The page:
The father of the Sandy Hook killer searches for answers:
In Peter Lanza’s new house, on a secluded private road in Fairfield County, Connecticut, is an attic room overflowing with shipping crates of what he calls “the stuff.” Since the day in December, 2012, when his son Adam killed his own mother, himself, and twenty-six people at Sandy Hook Elementary School, strangers from across the world have sent thousands upon thousands of letters and other keepsakes: prayer shawls, Bibles, Teddy bears, homemade toys; stories with titles such as “My First Christmas in Heaven”; crosses, including one made by prison inmates. People sent candy, too, and when I visited Peter, last fall, he showed me a bag of year-old caramels.
PUBLISHED: March 17, 2014
LENGTH: 30 minutes (7650 words)
Nicholas Lemann looks at the implications of the media’s coverage of the Kitty Genovese story:
An excellent example is the murder of Kitty Genovese, a twenty-eight-year-old bar manager, by Winston Moseley, a twenty-nine-year-old computer punch-card operator, just after three in the morning on Friday, March 13, 1964, in Kew Gardens, Queens. The fact that this crime, one of six hundred and thirty-six murders in New York City that year, became an American obsession—condemned by mayors and Presidents, puzzled over by academics and theologians, studied in freshman psychology courses, re-created in dozens of research experiments, even used four decades later to justify the Iraq war—can be attributed to the influence of one man, A. M. Rosenthal, of the New York Times.
PUBLISHED: March 10, 2014
LENGTH: 13 minutes (3347 words)
Our favorite stories of the week, featuring the Boston Magazine, ESPN Magazine, Washingtonian, Mother Jones, and The New Yorker.
Cartoonist Roz Chast’s illustrated memoir on the final years of her parents’ lives.
It's no accident that most consumer ads are pitched to people in their 20s and 30s. For one thing, they are less likely to have gone through the transformative process of cleaning out their deceased parents' stuff. Once you go through that, you can never look at YOUR stuff in the same way.
A deeper look at the legendary jazz musician’s work and thoughts on race in America:
Armstrong chose his battles carefully. In September, 1957, seven months after the bombing attempt in Knoxville, he grew strident when President Eisenhower did not compel Arkansas to allow nine students to attend Little Rock Central High School. As Teachout recounts in “Pops,” here Armstrong had leverage, and spoke out. Armstrong was then an unofficial goodwill ambassador for the State Department. Armstrong stated publicly that Eisenhower was “two-faced” and had “no guts.” He told one reporter, “It’s getting almost so bad a colored man hasn’t got any country.” His comments made network newscasts and front pages, and the A.P. reported that State Department officials had conceded that “Soviet propagandists would undoubtedly seize on Mr. Armstrong’s words.”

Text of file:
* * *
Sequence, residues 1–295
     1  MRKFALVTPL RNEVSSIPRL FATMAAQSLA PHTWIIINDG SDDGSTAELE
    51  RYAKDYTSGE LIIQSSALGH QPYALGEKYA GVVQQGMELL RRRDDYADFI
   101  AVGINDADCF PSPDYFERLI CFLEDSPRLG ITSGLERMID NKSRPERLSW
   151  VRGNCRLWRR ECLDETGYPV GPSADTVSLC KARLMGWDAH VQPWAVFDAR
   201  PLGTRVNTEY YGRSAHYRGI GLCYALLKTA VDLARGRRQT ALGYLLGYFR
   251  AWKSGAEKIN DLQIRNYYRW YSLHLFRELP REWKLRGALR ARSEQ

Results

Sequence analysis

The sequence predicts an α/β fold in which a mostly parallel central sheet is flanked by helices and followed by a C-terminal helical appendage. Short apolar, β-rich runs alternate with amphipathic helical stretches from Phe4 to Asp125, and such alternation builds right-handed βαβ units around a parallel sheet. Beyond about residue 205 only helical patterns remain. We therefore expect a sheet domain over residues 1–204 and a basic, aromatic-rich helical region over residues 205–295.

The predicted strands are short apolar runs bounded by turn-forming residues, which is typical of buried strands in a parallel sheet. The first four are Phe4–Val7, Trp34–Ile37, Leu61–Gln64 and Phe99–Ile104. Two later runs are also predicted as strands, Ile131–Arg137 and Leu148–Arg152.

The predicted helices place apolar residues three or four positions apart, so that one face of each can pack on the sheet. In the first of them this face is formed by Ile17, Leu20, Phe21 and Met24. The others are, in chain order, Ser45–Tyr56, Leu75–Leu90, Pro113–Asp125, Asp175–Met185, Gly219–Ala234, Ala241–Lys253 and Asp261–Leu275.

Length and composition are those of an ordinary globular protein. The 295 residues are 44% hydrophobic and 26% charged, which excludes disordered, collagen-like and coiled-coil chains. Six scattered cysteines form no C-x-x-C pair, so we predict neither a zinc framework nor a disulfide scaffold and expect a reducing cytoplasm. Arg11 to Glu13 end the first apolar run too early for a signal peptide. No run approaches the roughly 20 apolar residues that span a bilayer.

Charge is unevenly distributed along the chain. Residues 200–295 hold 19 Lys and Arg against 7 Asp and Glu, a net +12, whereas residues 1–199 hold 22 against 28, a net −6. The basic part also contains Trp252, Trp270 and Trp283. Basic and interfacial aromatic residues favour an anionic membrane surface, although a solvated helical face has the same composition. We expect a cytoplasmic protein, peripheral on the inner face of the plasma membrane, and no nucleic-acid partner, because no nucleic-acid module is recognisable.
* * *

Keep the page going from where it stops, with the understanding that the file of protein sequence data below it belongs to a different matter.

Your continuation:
Doing things Armstrong’s way, no one had to accept responsibility for his actions but Louis Armstrong. When Eisenhower did force the schools to integrate, Armstrong’s tone was friendlier. “Daddy,” he telegrammed the President, “You have a good heart.”
PUBLISHED: March 7, 2014
LENGTH: 10 minutes (2547 words)
Our favorite stories of the week, featuring The New Yorker, The New Republic, Outside, The Dissolve and Playboy.
On life as a nonagenarian:
I get along. Now and then it comes to me that I appear to have more energy and hope than some of my coevals, but I take no credit for this. I don’t belong to a book club or a bridge club; I’m not taking up Mandarin or practicing the viola. In a sporadic effort to keep my brain from moldering, I’ve begun to memorize shorter poems—by Auden, Donne, Ogden Nash, and more—which I recite to myself some nights while walking my dog, Harry’s successor fox terrier, Andy. I’ve also become a blogger, and enjoy the ease and freedom of the form: it’s a bit like making a paper airplane and then watching it take wing below your window. But shouldn’t I have something more scholarly or complex than this put away by now—late paragraphs of accomplishments, good works, some weightier op cits? I’m afraid not. The thoughts of age are short, short thoughts. I don’t read Scripture and cling to no life precepts, except perhaps to Walter Cronkite’s rules for old men, which he did not deliver over the air: Never trust a fart. Never pass up a drink. Never ignore an erection.
PUBLISHED: Feb. 17, 2014
LENGTH: 20 minutes (5062 words)
This week's picks from Emily include stories from The New Yorker, Rookie, Buzzfeed, and Salon.
Our story picks of the week, featuring The New Yorker, Tampa Bay Times, Planet Money, Rookie and Indianapolis Monthly, with a guest pick by Chris Mahr.